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The Void Rains Upon Her Heart Preview

A frustrating game for little payoff.

 

Veyeral Games’ The Void Rains Upon Her Heart is a little game with a few cute quirks. The indie dev’s first foray has great potential but ultimately falls flat. It’s billed as a shoot-em-up bullet hell game and in that regard it succeeds. Since it’s currently in early access, perhaps with some work it could be a fun game. Until then, it needs some work.

 

The colors. Oh, the colors.

 

In The Void Rains Upon Her Heart you are ostensibly a tiny, nude (optional) alien girl who lives in a cave with monsters. However, your heart has the power to fight and, ultimately, heal the monsters into kindness. How do you do this? Well, clearly with your heart gun. Your heart gets disembodied from you as you fire bullets into the same couple monsters. Each monster has a pretty generic moveset, though unique to them. Some “bullets” come from fire, some from making the monster split in half as if forcing mitosis, and some just pop up in a string from nowhere. Meanwhile, your heart bullets are equally colorful on a colorful moving background. Your ammo even turns into hearts eventually. All this is to say, wow, what an assault on the senses. I turned off things I thought might be causing eye strain like enemy flashing but even still, I frequently found myself with a headache or totally nauseated from vertigo. The experience has potential to be fun and pleasant but it really misses in the graphics department.

 

What is the point?

 

The farthest I got in this game is in a hidden mode called “Defect” where, from what I can tell, if you fail hard enough at the basic story mode, it heals you after every level. I got to section two, chapter three, out of three chapters. After every level, the monster you successfully loved apologizes to you, you get “tetrids” which you can turn into bonuses, and karma points that reflect how well you performed. Given the many similar elements of the surface, I don’t think it’s unfair to make comparisons to Undertale. Undertale keeps you involved in the story and gives narrative and personality to every monster you fight, even within the actual battle. The Void Rains Upon Her Heart is not an RPG and does not have RPG elements, but for a game where the underlying theme is love and compassion, I was looking for a bit more. There’s the brief story element at the beginning where you receive the backstory and some motive, but that’s it until the end.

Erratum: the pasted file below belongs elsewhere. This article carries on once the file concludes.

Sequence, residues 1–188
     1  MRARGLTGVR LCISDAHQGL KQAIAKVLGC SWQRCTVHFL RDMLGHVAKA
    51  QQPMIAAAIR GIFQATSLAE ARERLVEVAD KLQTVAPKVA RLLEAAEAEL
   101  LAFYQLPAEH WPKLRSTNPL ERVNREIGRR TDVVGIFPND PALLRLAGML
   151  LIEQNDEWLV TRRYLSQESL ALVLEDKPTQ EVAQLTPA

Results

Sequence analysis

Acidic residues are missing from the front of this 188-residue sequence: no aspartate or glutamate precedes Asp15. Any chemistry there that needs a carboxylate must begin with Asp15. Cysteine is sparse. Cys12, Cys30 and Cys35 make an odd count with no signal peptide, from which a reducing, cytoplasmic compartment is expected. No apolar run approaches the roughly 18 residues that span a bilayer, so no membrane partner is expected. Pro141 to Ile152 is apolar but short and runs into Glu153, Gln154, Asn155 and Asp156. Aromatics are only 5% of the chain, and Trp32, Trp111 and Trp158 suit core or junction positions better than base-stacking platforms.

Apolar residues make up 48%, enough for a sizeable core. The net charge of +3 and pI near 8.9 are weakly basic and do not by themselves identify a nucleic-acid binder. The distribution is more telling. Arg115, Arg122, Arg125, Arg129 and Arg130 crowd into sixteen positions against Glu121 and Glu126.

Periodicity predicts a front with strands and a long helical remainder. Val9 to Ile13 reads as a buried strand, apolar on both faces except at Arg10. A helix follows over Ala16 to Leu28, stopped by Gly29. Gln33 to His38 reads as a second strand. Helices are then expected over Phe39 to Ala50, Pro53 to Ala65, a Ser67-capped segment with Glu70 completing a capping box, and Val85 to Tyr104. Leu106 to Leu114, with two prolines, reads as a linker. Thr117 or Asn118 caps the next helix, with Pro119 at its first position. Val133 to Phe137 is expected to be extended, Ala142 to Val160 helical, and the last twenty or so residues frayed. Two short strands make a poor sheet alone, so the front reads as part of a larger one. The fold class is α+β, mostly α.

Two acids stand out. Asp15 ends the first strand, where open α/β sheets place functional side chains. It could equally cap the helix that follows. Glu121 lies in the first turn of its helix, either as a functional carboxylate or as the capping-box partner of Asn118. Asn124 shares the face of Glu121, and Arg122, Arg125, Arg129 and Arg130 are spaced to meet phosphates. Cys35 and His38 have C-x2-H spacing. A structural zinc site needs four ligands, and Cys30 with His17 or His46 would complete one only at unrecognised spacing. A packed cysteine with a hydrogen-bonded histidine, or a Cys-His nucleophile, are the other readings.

Pray to RNGesus

 

The biggest issue I have is the element of RNG. It completely halts any and all pacing. In story mode, if you die or quit you are sent back to the beginning of the game. The only element retained is the amount of tetrids you’ve earned. The monsters you fight, the bonuses earned, they’re all randomly generated. One game can start with a Burning Veyeral monster and another can start with a Scrambler monster. If you want healing, get to praying, because healing is also RNG. It’s a potential bonus if you complete levels so you may go through a few levels with no healing. Or, if you’re like me, finally bite it on the level that finally gives you healing. It’s not like the game is long and sometimes one wants to zone out to bullet hell, but if you make it, nauseated, to the end and succumb to the will of RNG healing, your progress feels futile because it is futile. I get it: it’s a challenge of skill, but it’s not one that I particularly find rewarding.

 

It is Early Access

 

I do see some potential in this game. It’s got some cute quirks (achievements are called Dreams Fulfilled) and some of the monsters are fun to go against. I like the added challenges that come up through RNG that can net you bonuses on your run. I like the theme of self-doubt that comes up, even if it feels a little forced through text that turns red and makes a different, deeper sound. However, I feel the basics need serious work. For now, it feels like a slog.

Zoe Weiss
Nerd by day and also by night, Zoe is a support main first and human second. Currently in Atlanta, GA, she loves naps, narrative-driven games, cooking, and blowing people up in Overwatch.
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